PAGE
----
by Lisa M. Wolfson
As a cancer survivor and someone who is drawn to helping others in need, I have always explored ways to help people improve their health with a holistic approach. In recent years I have also been drawn to explore the full-life process, including the process of dying, and have felt a desire to help people and their families when faced with the realization that they were entering the final stage of life. So I researched and did training as an end-of-life doula and I’m immensely grateful that I did. I expected to learn about the dying process but what I really learned in this training was how to live.
An end-of-life doula is someone who provides informational, physical and spiritual support to a person who is dying and to their family as well. The doula honors the sacred part of the dying process while addressing it as a normal part of the human life cycle, with the goal being to achieve a “good death,” meaning a death with acceptance, without struggle, with grace and peace. The role of the doula can include planning for the final phase of an illness, maintaining a continuous presence when the person is actively dying and working through, or reprocessing, the experience with caregivers and family.
A doula will explain the dying process to the person and the family members, and help develop a plan for the final days that honors the wishes of the person who is dying. These wishes may include the setting for the vigil and who they want present during their final hours. The vigil itself may be just a day or two, or run longer. The doula will work with the near-departed in advance of the vigil stage to develop a relationship and have time to honor their wishes. For instance, some people may want to be at home with only their immediate family members present, with candles and some specific music playing or perhaps something being read to them. Another person may request to be alone with their spouse and children when the end nears. The doula will orchestrate these wishes as much as humanly possible. The doula may do legacy writing with the person as well, helping to put certain sentiments into words to be shared with the family and friends after they’re gone, or use guided visualization during the vigil stage to relax and comfort the person. Or the doula can simply act as companion when needed, talking or reading to the person as desired. They may also use aromatherapy or therapeutic touch to comfort the person and help them let go when the time comes.
The doula may also be able to see things that those involved and actively grieving may not be able to recognize. When I trained for this role, our instructor told us about a woman who was dying, who was surrounded by a large loving family — her husband, children and grandchildren — who were with her constantly throughout the vigil of her last days. The doula noted that she was never alone with her husband and gently spoke to the others, suggesting that they give the couple some time to themselves. After the vigil ended with the woman’s passing, one of the children thanked the doula, saying that, in their own grief, none of them had realized that they never let their father have time alone with their mom and the dad had been too distraught and weak to claim that time for himself. Had it not been for the doula, their father may have suffered more after the death, having never gotten a chance for private goodbyes, and the children would have felt such remorse for not having allowed him that opportunity.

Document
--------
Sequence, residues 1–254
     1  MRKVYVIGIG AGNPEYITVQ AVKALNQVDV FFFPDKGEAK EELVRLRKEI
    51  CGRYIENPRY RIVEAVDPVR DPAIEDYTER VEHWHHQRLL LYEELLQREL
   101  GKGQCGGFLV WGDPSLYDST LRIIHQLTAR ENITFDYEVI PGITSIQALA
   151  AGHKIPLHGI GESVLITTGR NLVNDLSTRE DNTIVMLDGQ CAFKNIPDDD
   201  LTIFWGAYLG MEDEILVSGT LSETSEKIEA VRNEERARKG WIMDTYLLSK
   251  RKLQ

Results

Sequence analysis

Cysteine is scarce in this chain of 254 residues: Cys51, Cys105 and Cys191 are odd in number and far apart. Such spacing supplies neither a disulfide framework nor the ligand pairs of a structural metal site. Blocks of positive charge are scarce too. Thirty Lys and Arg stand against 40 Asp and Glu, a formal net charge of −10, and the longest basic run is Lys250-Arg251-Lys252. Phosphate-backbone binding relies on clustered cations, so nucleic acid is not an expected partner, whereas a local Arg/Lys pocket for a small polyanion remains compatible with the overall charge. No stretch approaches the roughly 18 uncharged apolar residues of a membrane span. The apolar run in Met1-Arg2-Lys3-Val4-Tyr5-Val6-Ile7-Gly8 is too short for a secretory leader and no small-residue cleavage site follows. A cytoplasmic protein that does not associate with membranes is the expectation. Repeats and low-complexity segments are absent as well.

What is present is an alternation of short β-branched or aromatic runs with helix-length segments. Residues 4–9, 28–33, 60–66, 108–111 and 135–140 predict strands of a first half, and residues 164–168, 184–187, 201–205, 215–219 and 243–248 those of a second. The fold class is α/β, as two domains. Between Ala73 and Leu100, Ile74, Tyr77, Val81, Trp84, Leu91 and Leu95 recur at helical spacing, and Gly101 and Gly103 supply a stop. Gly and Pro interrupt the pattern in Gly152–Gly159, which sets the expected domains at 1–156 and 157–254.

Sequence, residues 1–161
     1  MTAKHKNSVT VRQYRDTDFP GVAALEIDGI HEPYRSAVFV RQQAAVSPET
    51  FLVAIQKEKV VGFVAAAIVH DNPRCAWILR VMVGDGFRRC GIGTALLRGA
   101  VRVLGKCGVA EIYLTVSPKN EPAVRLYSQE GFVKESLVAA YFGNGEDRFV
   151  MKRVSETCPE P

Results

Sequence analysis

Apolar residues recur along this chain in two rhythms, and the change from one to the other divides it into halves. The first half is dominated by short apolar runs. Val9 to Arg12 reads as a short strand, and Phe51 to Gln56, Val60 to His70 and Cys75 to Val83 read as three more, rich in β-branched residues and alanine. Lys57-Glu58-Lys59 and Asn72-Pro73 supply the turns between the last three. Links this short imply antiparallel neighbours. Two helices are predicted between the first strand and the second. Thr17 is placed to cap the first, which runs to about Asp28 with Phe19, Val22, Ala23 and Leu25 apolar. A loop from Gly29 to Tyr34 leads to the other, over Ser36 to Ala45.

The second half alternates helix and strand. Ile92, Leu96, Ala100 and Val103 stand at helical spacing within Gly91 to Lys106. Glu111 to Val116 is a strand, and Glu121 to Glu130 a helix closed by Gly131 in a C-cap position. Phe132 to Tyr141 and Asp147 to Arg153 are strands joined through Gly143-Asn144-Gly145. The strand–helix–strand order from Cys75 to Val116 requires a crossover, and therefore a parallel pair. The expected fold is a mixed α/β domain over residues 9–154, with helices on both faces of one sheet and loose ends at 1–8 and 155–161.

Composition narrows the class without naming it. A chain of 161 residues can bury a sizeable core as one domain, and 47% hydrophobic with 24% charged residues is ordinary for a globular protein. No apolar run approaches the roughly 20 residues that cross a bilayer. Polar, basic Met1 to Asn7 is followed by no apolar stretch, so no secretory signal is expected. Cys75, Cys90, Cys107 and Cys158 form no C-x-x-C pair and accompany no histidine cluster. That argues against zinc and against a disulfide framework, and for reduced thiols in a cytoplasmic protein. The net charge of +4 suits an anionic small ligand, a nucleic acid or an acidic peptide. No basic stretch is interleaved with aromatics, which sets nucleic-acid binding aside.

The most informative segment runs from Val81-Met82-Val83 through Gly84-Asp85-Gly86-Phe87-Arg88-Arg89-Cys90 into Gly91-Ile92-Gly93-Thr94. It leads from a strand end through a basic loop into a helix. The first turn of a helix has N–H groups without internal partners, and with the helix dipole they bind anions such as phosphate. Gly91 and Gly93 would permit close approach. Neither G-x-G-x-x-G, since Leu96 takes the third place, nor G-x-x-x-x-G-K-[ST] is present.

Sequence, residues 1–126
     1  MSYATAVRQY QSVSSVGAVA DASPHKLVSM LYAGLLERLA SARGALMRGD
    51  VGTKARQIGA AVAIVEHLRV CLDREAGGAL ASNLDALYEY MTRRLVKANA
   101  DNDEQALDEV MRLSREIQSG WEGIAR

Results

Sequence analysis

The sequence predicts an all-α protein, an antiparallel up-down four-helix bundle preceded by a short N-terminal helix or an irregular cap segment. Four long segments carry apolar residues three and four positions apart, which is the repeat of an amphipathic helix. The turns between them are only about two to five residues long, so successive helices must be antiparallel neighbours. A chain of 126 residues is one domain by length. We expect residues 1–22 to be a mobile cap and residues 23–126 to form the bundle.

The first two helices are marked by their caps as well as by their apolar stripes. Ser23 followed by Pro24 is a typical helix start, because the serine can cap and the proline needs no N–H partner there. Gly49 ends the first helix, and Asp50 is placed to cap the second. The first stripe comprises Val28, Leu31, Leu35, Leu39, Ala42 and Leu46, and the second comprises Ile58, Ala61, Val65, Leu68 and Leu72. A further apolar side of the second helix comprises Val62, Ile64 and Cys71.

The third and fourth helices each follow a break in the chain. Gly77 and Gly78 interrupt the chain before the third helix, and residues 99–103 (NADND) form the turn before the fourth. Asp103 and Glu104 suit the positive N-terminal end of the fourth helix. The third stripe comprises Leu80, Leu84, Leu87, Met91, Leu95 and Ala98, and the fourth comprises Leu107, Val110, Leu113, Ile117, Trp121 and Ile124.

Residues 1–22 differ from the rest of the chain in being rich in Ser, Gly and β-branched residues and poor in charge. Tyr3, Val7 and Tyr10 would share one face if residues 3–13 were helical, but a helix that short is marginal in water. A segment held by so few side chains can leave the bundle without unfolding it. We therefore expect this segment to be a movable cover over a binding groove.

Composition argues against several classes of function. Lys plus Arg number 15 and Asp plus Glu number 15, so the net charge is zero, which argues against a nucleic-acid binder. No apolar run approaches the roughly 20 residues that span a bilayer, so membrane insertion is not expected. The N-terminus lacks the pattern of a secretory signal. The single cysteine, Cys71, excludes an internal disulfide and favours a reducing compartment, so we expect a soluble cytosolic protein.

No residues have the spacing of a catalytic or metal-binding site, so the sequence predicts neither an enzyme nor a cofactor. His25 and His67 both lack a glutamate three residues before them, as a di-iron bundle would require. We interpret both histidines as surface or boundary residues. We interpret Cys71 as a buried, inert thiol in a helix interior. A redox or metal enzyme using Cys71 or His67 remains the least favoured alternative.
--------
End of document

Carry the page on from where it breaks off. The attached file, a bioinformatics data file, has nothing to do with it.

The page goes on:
The doula is also able to give caregivers a much-needed break, allowing them to step away with the assurance that the person they are caring for is in good, knowledgeable, loving hands. The doula will also meet with the family after the death to help them process the experience, putting their grieving process on the proper path by working through any potential feelings of anger and abandonment. The doula will also help with any after-death wishes or requests, such as washing the body. Some people may request that the body of their loved one not be immediately removed after death or that certain music be played as a parting wish.
The issue of patients dying alone, even when they may have loved ones nearby, can be avoided by having a doula. The doula is present well in advance of and throughout the dying process and will notify family members when they need to be present. The active dying process can be overwhelming for loved ones, so having a doula navigate that process can make all the difference in how the experience is handled and remembered. The experience of those final hours affects the entire grieving process.
A lot of people are not afraid of death, they are afraid of dying. As Woody Allen once said, “I don’t mind dying, I just don’t want to be there when it happens.” A doula can greatly aid in the process of dying, reducing the fear and anxiety and helping families and caregivers. Training as a doula was truly a life-changing experience for me and to have the opportunity to help someone at the end of their life is a honor and a gift beyond compare.
Lisa Wolfson is a Reiki Master and lives in Rockville Centre, NY.
Photo by Karen Keller Capuciati.